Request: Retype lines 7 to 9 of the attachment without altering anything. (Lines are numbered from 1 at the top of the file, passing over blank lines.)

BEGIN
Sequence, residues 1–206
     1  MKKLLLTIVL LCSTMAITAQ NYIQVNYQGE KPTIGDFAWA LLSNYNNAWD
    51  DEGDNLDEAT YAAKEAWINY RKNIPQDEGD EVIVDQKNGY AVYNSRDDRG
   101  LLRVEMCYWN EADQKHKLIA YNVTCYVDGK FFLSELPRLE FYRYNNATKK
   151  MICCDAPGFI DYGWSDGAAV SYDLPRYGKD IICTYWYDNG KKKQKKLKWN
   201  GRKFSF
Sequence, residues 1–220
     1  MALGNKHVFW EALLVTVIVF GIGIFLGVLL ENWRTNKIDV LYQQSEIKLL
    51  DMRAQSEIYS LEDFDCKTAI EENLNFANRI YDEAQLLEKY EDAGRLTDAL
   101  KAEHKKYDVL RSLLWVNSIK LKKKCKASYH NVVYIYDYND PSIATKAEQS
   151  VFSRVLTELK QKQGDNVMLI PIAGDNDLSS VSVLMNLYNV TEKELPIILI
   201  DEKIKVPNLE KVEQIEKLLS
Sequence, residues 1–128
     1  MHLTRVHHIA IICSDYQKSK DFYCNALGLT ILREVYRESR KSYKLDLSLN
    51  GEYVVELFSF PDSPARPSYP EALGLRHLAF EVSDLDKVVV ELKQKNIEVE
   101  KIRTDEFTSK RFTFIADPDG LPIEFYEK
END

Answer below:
Sequence, residues 1–220
     1  MALGNKHVFW EALLVTVIVF GIGIFLGVLL ENWRTNKIDV LYQQSEIKLL
    51  DMRAQSEIYS LEDFDCKTAI EENLNFANRI YDEAQLLEKY EDAGRLTDAL